By: Edith Wyatt (1873-1958)
|Making Both Ends Meet The income and outlay of New York working girls|
By: Edmond About (1828-1885)
|The Man With The Broken Ear|
By: Edmond Halley (1656-1742)
Miscellanea Curiosa, Vol 1
"The Royal Society is a Fellowship of many of the world's most eminent scientists and is the oldest scientific academy in continuous existence." . As scientists have explored the world around them, observed and tried to explain natural phenomena, they have been invited to present papers to the Royal Society. Edmond Halley was an eminent member of the society and gathered together some of the most interesting papers of his day. Today, we may see errors in the logic or calculations, based on current knowledge, but these papers are unedited and as presented at the time and show how scientific knowledge was expanding in the late seventeenth and early eighteenth centuries...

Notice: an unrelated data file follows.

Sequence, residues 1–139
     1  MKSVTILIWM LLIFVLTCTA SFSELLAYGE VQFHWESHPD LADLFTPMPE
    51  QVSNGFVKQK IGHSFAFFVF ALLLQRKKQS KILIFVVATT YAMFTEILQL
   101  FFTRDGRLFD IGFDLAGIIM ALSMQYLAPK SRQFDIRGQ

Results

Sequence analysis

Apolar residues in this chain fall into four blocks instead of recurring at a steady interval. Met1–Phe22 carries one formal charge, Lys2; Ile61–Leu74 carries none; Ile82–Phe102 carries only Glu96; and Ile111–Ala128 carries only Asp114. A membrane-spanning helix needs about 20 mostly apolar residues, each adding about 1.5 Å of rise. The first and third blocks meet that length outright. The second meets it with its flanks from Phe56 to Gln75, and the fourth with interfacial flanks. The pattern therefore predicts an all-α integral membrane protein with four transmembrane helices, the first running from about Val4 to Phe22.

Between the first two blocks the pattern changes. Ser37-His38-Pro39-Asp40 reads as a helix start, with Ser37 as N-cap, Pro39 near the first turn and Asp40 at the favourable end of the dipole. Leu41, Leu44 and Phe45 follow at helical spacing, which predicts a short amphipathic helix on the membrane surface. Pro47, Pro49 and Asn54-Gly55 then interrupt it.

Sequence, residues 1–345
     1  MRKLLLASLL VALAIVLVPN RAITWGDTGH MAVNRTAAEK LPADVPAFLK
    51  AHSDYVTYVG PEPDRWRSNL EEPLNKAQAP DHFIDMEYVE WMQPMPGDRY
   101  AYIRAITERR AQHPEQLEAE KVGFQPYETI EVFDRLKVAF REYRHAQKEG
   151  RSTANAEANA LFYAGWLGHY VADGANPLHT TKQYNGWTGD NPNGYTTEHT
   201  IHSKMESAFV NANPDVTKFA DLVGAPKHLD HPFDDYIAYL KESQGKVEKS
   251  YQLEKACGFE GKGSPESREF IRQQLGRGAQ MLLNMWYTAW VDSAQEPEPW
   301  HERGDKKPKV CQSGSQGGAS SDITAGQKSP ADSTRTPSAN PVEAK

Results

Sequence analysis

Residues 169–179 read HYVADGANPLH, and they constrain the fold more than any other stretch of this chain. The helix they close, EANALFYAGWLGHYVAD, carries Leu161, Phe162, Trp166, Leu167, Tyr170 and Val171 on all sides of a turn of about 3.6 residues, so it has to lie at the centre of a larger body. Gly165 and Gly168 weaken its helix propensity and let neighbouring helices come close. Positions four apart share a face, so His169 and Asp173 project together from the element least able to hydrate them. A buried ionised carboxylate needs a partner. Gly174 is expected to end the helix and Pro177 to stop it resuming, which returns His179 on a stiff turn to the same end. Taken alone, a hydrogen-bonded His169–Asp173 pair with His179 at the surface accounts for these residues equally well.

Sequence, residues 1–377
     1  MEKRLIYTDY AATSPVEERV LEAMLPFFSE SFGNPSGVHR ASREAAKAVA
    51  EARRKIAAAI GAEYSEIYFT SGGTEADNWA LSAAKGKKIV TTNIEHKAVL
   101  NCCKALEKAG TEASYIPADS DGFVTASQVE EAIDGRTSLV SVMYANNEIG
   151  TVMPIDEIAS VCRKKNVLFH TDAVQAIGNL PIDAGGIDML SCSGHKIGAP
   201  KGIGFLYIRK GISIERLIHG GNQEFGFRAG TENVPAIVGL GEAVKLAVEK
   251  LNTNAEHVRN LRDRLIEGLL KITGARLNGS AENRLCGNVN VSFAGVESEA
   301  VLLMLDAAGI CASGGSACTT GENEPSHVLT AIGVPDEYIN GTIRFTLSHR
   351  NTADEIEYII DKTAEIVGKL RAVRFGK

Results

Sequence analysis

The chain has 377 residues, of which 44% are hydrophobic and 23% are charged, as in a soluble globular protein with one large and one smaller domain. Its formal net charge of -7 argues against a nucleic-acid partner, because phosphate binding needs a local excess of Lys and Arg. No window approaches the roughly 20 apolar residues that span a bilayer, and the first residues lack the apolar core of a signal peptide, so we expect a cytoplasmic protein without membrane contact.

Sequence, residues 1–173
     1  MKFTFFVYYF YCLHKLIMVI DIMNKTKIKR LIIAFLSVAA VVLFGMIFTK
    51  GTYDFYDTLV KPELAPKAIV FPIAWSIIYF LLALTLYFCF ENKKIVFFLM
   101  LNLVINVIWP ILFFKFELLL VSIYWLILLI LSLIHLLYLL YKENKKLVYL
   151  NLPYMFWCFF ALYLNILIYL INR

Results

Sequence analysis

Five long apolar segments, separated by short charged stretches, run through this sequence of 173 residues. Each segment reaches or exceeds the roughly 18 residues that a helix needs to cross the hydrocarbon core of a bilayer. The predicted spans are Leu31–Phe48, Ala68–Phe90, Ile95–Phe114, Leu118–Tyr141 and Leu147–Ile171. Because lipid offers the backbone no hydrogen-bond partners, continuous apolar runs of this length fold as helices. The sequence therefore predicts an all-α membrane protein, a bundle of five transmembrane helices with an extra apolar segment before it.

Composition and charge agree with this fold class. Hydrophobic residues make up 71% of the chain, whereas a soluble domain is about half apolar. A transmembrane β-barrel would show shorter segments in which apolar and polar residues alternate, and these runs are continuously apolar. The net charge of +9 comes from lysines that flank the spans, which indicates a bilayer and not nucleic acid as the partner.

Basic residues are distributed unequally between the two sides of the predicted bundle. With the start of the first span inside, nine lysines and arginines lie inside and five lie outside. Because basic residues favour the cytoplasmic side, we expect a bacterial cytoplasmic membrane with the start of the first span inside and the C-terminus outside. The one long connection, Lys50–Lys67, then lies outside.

By: Edmond Hamilton
The Stars, My Brothers
Edmond Hamilton (1904 – 1977) had a career that began as a regular and frequent contributor to Weird Tales magazine. The first hardcover publication of Science Fiction stories was a Hamilton compilation, and he and E.E. “Doc” Smith are credited with the creation of the Space Opera type of story. He worked for DC Comics authoring many stories for their Superman and Batman characters. Hamilton was also married to fellow author Leigh Brackett. – Published in the May, 1962 issue of Amazing Stories “The Stars, My Brothers” gives us a re-animated astronaut plucked from a century in the past and presented with an alien world where the line between humans and animals is blurred.
|The Man Who Saw the Future|
|The Sargasso of Space|